Seth Lancaster gathered at his college house earlier this month with his girlfriend and some teammates as they scoured their cellphones hoping to see Lancaster's name come across as a selection in the MLB Draft. And when he did — by the Phillies in the eight round — "everyone started jumping up and down like everyone does," Lancaster said.

But that moment — the one Lancaster said is something he'll never forget — likely never felt more unimaginable than it did a year earlier, when Lancaster struggled through his junior season at Coastal Carolina with a debilitating eye problem. He batted just .250 as a junior in 2017 with a .368 on-base percentage, a steep decline from his performance a year earlier. Lancaster's left eye was almost useless. He thought he contracted pink eye in March but the eye drops prescribed by a doctor only made the condition worse.

"It all went to hell," said Lancaster, a 21-year-old infielder who entered the Phillies minor-league system this week at short-season Class-A Williamsport. "Every time I would put my contacts on, it would flare up really bad. I tried some of those ugly sport glasses but by that time it was so messed up that my vision went. My right eye was normal I could see. I think it was 20/15 vision. My left eye just got worse and worse."

One of Lancaster's college coaches asked him after the season how much he thought his eyes had affected him. The South Carolina native said he hates to make excuses, but he told the coach "tremendously." The team arranged for Lancaster to see a different doctor, who said Lancaster did not have pink eye. He instead had a viral infection in his cornea. The doctor explained it to Lancaster as "having the flu in your eye."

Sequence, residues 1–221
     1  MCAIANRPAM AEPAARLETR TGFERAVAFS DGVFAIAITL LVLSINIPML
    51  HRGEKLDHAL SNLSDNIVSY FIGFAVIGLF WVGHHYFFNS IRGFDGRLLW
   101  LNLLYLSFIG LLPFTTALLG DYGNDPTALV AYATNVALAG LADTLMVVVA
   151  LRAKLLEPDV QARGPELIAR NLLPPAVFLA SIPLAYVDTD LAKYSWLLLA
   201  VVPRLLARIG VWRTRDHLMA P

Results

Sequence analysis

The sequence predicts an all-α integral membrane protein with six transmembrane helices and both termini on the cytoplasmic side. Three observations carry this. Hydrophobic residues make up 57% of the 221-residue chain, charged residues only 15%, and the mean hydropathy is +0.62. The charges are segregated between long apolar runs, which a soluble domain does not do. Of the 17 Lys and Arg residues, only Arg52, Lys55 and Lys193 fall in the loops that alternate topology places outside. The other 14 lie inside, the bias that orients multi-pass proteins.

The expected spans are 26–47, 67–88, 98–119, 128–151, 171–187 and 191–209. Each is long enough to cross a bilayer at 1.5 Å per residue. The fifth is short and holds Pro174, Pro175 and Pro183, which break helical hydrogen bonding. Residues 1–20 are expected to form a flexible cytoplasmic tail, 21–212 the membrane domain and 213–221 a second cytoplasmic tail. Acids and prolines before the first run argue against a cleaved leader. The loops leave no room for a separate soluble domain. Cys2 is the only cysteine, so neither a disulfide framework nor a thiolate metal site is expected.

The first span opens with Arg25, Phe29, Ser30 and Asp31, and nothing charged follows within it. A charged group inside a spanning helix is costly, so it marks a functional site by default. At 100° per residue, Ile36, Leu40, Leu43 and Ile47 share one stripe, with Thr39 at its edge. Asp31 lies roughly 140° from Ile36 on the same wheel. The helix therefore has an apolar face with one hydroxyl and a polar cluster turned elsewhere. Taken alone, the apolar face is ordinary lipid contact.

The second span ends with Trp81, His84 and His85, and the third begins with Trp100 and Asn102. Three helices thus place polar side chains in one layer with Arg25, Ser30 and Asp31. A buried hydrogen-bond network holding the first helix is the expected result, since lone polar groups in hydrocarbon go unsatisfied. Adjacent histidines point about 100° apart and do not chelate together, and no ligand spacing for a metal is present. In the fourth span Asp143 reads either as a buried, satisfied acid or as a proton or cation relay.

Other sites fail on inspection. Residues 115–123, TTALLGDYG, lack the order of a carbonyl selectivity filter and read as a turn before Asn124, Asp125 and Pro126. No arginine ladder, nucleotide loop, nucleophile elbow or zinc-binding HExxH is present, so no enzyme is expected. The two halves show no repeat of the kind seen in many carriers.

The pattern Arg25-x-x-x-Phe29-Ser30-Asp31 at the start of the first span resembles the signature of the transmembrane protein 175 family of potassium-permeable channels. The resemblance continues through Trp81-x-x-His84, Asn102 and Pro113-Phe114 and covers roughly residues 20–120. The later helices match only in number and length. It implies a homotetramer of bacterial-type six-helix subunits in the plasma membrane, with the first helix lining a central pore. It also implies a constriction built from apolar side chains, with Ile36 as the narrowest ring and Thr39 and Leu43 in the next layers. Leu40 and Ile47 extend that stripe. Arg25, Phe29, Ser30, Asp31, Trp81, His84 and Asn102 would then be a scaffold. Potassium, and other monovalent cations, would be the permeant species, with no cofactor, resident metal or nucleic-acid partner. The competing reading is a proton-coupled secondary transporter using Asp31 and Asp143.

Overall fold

The infection required Lasik surgery, which Lancaster had over the summer. He went home, took a four-hour nap, and woke up with perfect vision.

Seth Lancaster, the Phillies 8th round pick, during his time with Coastal Carolina.
Seth Lancaster, the Phillies 8th round pick, during his time with Coastal Carolina.

"I never realized how bad my eyes were until that first batting-practice session and especially the first time I faced live pitching," Lancaster said. "I was seeing as good as I did two years ago. It was exciting. I remember telling coaches that I was taking change-ups because during my struggle, I was swinging at every change-up they threw me, it didn't matter where it was. Everything was back to normal."

His eye healed, Lancaster batted .305 as a senior with a .454 on-base percentage. He led the Sun Belt Conference in homers (20), walks (63), total bases (146) and slugging percentage (.646). Lancaster was again on MLB radars. He talked to a few teams before the draft and was pretty certain he would be drafted. His baseball career — which looking bleak a year earlier — would continue thanks to surgery.

"God works in funny ways," Lancaster said. "This is just another funny story that a normal 21 year old kid has to tell somebody. I think Lasik surgery was probably one of the most important things to happen to my baseball career. It's funny how he works and I'm going to continue to see how he works and whatever he has my in future, I'm excited to find out."

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